Merz highlighted the need to tackle the "intolerable" success of the far-right Alternative for Germany (AfD) and called for a more combative approach to the CDU's rivals in the political centre.

Merz, 63, who advocates for a more conservative approach than Merkel, said that "without clear positions we won't get better election results."

Merkel has been CDU leader since 2000 and chancellor since 2005. She moved her party relentlessly to the centre, dropping military conscription, accelerating Germany's exit from nuclear energy, introducing benefits encouraging fathers to look after their young children and allowing the introduction of gay marriage.

German Health Minister Jens Spahn, by far the youngest candidate at 38 years old, couldn't get past the first round of voting. (Michael Sohn/Associated Press)

Most controversially, she allowed large numbers of asylum-seekers into Germany in 2015.

Merkel listed some of those moments and many more in a half-hour farewell speech as leader, telling delegates that "our CDU today is different from the year 2000, and that is a good thing." She also celebrated Germany's balancing of its budget in recent years and its response to the eurozone debt crisis.

Waning CDU support

For years, Merkel's popularity lifted the CDU and its Bavaria-only sister party, the Christian Social Union. In the 2013 election, they won 41.5 per cent of the vote and only just fell short of an outright parliamentary majority.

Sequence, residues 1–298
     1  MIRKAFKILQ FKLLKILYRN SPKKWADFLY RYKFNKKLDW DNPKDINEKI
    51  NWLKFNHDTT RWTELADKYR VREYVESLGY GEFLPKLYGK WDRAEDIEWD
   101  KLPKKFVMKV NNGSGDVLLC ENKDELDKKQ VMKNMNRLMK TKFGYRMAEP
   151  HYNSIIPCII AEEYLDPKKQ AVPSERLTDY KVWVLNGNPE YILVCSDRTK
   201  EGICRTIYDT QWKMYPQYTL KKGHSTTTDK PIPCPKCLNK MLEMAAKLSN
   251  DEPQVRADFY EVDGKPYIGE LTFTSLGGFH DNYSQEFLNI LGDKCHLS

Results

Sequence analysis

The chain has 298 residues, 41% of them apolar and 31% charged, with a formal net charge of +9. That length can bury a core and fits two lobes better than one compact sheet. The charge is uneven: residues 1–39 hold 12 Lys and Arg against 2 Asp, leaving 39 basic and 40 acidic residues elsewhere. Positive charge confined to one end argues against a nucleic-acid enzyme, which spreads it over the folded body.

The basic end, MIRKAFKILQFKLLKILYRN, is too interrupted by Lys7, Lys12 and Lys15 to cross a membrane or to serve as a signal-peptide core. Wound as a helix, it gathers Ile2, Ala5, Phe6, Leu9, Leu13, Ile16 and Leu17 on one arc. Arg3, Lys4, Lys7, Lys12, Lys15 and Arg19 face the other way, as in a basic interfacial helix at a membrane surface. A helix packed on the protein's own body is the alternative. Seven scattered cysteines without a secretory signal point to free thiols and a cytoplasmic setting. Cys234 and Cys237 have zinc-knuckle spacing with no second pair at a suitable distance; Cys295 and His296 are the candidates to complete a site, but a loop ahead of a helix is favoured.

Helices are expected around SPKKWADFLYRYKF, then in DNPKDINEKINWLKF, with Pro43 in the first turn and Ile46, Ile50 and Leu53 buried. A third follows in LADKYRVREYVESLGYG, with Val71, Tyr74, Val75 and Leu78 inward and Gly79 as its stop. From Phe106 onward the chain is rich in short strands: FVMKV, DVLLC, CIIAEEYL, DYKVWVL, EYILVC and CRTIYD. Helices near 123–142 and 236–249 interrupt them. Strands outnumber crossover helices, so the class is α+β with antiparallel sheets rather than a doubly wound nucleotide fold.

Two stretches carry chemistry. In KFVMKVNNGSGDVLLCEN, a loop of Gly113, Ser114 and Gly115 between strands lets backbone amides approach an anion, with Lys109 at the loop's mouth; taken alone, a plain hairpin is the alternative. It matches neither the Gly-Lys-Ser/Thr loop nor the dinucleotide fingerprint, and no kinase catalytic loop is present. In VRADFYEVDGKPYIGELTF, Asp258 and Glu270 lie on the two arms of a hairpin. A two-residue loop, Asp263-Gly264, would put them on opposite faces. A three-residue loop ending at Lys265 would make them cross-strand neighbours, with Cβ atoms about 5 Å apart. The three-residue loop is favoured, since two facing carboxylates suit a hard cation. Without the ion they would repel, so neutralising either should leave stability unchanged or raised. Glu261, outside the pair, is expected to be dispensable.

At present, the centre-right bloc is polling under 30 per cent. Merkel's fourth-term governing coalition with the centre-left Social Democrats has lurched through a series of crises since taking office in March, and the CDU has lost supporters both to the liberal Greens and the far-right AfD.

German Chancellor Angela Merkel gave her final speech as leader of the centre-right Christian Democratic Union during a party congress in Hamburg on Friday. (Fabrizio Bensch/Reuters)

Merkel, however, recalled that the CDU was in crisis when she took over in 2000, mired in a party financing scandal surrounding former chancellor Helmut Kohl.

"We kept a cool head," she said. "We showed everyone."

Merkel appealed to the party to show unity, noting that arguments in recent years over migration have showed "where endless arguments lead."

"I wasn't born as chancellor or as party leader," she said. "I have always wanted to do my government and party jobs with dignity, and one day to leave them with dignity."

In recent weeks, the new party leader sought to put a careful distance between herself and Merkel without disavowing her, saying she has had "very lively discussions" with the chancellor on various subjects.

Kramp-Karrenbauer has talked tough on immigration issues, proposing a lifelong entry ban to Europe for asylum-seekers convicted of serious crimes. But she has warned that endlessly rehashing debates about Merkel's decision to allow in large numbers of migrants in 2015 is a turn-off for voters.